The protocols used in the MINA cohort were reviewed and approved by two independent research ethics boards: the Institutional Review Board at the American University of Beirut (Protocol ID: NUT. FN. 12) and the Primary Health Care Corporation in Qatar (Protocol ID: PHCC / RC / 15 / 04 / 006). All MINA participants provided a written signed consent form. Subjects were reassured that their participation is completely voluntary, that they can withdraw at any time, and that their decision to continue or not in the study will not influence their provision of healthcare services.
Subjects’ recruitment and data collection were performed in 2015 − 2018. To be eligible to participate, women had to be pregnant during their first trimester, pregnant with a singleton, of Lebanese or Qatari nationality, living in Lebanon or Qatar for more than five years, not planning to leave the current country of residence during the timeframe of the study, and not suffering from any chronic condition. In order to estimate the prevalence of exclusive BF, a total of 218 participants were needed for an effect size of 29%, a margin of error of 6% and a 95% confidence interval . The 29% prevalence estimate was selected as an effect size as it reflected the average EBF for six months in the countries of the EMR .
Study protocol and data collection
Through the MINA cohort, data collection was conducted during a one-to-one interview with the research personnel. All interviewers had received extensive training prior to the initiation of data collection in order to minimize interviewer errors. For the purpose of this study, data were extracted from visit 1 (first trimester), visit 3 (third trimester), the medical chart (at birth), visit 4 (four months after delivery), and visit 5 (six months after delivery) of the MINA cohort, as shown in Fig. 1. Below is a brief description of the data extracted from the MINA cohort and used in the study. Further details can be found at Naja et al. (2016) :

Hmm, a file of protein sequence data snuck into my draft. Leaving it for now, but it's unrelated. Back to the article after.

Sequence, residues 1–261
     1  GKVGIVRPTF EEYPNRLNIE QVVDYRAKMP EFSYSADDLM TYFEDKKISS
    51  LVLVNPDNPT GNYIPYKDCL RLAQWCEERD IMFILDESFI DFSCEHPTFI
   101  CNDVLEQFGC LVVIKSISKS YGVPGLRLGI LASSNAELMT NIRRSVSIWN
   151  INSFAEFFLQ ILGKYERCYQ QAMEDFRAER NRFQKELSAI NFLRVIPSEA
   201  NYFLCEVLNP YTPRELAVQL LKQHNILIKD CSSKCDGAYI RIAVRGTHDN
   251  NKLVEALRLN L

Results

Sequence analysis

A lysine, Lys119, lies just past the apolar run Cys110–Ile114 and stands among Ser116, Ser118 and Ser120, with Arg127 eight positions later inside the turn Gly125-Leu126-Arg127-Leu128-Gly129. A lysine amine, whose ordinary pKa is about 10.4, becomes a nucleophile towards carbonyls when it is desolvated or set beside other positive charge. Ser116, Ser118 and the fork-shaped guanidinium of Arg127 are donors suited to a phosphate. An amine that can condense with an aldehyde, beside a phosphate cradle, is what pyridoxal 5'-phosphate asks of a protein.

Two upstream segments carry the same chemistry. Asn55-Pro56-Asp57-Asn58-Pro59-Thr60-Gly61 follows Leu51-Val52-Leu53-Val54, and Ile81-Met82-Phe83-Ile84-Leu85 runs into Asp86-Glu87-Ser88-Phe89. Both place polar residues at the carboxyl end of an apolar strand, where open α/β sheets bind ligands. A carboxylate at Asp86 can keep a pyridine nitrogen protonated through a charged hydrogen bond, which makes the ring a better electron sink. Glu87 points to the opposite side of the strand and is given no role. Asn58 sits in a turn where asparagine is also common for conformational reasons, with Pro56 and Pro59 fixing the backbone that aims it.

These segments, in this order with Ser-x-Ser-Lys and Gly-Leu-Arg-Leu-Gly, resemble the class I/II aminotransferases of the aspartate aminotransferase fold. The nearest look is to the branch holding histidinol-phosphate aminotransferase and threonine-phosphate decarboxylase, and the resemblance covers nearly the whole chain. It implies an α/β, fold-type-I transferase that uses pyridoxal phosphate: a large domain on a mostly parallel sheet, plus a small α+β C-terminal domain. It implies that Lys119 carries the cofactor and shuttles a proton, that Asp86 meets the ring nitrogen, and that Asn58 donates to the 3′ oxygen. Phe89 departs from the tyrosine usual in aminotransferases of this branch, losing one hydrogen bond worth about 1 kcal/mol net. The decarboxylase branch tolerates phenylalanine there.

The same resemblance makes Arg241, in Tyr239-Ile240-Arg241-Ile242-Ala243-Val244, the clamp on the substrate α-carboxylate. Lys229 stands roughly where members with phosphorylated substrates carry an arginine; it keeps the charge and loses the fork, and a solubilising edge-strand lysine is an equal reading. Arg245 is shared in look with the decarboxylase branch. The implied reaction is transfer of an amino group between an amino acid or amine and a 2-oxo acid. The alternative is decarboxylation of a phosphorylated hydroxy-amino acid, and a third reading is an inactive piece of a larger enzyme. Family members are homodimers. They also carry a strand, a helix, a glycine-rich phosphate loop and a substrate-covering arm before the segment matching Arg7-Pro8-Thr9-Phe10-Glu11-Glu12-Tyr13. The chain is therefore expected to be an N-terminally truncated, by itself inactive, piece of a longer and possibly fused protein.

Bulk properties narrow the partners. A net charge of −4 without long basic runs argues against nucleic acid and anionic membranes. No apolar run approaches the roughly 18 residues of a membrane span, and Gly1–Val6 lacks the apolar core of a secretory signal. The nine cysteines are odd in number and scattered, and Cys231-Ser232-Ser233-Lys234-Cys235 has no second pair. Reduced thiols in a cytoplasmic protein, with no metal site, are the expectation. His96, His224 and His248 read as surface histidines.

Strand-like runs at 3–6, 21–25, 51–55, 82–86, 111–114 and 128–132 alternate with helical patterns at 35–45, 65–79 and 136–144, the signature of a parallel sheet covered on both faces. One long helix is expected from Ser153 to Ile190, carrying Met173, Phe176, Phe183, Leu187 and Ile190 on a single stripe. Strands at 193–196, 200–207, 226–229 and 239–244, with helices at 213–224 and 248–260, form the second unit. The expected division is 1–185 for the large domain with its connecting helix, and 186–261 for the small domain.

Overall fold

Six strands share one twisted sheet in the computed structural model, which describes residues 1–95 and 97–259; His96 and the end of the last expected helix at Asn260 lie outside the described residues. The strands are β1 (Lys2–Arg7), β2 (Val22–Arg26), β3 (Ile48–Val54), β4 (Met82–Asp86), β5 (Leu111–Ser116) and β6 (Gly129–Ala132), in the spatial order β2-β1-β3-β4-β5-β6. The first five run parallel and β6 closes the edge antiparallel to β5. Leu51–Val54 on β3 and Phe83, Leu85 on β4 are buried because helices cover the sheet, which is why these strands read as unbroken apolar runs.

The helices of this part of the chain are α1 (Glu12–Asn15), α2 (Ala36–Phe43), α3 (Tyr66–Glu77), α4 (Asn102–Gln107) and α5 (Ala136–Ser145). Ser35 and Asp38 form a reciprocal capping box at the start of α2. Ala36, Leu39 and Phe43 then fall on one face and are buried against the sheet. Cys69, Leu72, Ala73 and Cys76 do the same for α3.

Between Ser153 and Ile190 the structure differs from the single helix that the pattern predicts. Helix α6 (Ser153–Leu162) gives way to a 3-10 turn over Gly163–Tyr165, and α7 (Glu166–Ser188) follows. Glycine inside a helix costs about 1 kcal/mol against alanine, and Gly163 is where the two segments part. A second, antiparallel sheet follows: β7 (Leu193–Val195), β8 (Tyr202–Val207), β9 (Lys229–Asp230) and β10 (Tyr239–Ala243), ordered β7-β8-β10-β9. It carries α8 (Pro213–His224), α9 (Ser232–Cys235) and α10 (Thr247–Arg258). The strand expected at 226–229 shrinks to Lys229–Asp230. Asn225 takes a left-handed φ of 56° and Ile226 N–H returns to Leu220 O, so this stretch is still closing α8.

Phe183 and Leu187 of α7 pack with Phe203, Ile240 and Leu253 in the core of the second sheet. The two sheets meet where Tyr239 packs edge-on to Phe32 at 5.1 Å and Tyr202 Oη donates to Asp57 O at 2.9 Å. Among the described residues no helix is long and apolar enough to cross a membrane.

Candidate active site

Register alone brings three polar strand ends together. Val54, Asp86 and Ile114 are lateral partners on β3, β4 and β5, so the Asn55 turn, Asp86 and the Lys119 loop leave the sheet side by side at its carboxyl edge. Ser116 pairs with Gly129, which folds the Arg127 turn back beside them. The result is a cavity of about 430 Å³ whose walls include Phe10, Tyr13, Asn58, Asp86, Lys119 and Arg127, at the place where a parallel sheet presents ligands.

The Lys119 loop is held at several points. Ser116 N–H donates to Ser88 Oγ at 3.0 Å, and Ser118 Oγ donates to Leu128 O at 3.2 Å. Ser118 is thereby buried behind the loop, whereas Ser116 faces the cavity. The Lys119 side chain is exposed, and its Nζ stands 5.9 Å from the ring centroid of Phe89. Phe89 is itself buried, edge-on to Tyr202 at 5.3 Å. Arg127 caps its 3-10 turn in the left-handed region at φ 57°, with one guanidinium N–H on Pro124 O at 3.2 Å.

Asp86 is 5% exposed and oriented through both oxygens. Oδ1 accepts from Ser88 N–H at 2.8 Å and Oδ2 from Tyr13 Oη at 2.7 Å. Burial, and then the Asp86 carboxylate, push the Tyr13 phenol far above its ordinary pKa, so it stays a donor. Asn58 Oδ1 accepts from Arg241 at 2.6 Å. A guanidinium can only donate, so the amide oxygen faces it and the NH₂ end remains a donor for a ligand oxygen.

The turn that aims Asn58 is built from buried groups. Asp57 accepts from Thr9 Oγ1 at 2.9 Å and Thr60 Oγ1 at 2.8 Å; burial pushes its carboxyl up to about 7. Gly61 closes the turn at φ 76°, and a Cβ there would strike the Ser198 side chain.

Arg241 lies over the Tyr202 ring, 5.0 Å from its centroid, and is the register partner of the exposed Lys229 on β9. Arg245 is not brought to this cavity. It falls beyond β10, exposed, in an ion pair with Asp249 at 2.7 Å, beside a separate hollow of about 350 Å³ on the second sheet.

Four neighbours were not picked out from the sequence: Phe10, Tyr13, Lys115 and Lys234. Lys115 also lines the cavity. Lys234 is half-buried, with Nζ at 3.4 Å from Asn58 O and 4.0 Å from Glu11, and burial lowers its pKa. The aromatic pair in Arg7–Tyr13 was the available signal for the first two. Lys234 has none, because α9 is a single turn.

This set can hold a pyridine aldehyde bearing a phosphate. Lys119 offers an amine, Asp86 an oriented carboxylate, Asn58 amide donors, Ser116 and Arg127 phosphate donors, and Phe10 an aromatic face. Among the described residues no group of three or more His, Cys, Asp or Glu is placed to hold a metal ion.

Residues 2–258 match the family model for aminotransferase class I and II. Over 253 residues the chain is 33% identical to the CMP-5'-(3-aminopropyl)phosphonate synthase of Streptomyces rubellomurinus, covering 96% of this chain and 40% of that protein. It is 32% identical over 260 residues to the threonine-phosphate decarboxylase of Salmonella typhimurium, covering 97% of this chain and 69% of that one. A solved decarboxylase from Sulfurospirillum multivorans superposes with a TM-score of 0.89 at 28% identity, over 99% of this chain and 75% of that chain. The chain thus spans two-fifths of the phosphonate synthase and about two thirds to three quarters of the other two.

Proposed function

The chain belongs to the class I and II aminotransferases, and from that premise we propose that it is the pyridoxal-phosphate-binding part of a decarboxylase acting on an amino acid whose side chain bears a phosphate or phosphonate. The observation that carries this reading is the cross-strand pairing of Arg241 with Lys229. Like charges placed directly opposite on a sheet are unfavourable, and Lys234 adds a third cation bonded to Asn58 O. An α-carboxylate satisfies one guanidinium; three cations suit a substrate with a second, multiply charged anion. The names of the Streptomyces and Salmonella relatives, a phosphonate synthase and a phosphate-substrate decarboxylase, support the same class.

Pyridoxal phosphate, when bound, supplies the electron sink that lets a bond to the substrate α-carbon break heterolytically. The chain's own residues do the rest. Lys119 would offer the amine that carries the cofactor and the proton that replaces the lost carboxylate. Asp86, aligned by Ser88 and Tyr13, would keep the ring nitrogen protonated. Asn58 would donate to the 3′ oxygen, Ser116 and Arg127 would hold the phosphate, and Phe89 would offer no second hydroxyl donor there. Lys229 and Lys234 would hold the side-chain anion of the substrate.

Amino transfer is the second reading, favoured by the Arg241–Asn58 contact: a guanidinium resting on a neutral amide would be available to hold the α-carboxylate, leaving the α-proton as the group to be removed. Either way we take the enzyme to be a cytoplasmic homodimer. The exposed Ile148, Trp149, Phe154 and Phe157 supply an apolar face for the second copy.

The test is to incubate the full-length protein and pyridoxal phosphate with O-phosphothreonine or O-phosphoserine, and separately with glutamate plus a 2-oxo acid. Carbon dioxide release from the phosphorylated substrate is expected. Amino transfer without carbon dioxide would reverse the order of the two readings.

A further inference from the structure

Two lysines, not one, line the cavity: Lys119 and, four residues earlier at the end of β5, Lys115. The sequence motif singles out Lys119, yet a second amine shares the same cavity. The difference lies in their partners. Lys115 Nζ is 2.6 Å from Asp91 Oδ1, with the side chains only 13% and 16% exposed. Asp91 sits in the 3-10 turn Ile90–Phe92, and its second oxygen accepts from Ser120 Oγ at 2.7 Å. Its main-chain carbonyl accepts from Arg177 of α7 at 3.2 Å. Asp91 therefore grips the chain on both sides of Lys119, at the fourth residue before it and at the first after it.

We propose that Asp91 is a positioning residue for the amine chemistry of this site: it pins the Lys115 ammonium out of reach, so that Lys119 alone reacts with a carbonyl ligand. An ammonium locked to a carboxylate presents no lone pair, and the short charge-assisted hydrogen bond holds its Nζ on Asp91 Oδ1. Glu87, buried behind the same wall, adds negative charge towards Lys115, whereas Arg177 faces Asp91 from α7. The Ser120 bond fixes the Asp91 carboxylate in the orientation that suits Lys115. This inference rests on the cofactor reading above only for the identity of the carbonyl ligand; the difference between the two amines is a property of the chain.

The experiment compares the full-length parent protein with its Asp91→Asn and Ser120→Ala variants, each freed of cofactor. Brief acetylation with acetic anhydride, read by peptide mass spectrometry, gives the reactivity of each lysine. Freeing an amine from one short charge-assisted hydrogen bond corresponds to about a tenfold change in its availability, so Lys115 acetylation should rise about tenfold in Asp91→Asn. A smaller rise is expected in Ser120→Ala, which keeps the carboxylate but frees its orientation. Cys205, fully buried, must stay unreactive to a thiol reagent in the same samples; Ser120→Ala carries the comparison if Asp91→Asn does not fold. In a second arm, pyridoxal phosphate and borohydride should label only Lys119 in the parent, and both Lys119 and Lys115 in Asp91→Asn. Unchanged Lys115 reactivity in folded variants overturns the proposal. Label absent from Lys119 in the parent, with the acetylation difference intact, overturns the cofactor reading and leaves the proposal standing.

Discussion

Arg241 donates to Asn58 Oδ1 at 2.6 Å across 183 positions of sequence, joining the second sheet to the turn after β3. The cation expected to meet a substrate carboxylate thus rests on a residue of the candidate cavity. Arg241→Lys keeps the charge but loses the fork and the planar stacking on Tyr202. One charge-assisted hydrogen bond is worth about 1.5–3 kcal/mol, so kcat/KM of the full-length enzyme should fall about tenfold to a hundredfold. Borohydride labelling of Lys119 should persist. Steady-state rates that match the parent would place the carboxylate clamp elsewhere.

- Sociodemographic characteristics (visit 1): age of the mother, number of children (excluding the current pregnancy), number of individuals living in the house, number of rooms in the house, education level, employment status, being related to husband, education level and employment status of the husband, and income. Crowding Index (CI), calculated as a ratio of the number of individuals living in the house over the number of the rooms in the house, was used as a proxy of socioeconomic status (SES) .
- Delivery and infant characteristics (medical charts): type of delivery, occurrence of complications during delivery, gestational age classification of the offspring, and birth weight of the offspring (in grams); classified as either low birth weight (< 2500 g), normal weight (2500 − 4000 g) or macrosomic (> 4000 g) .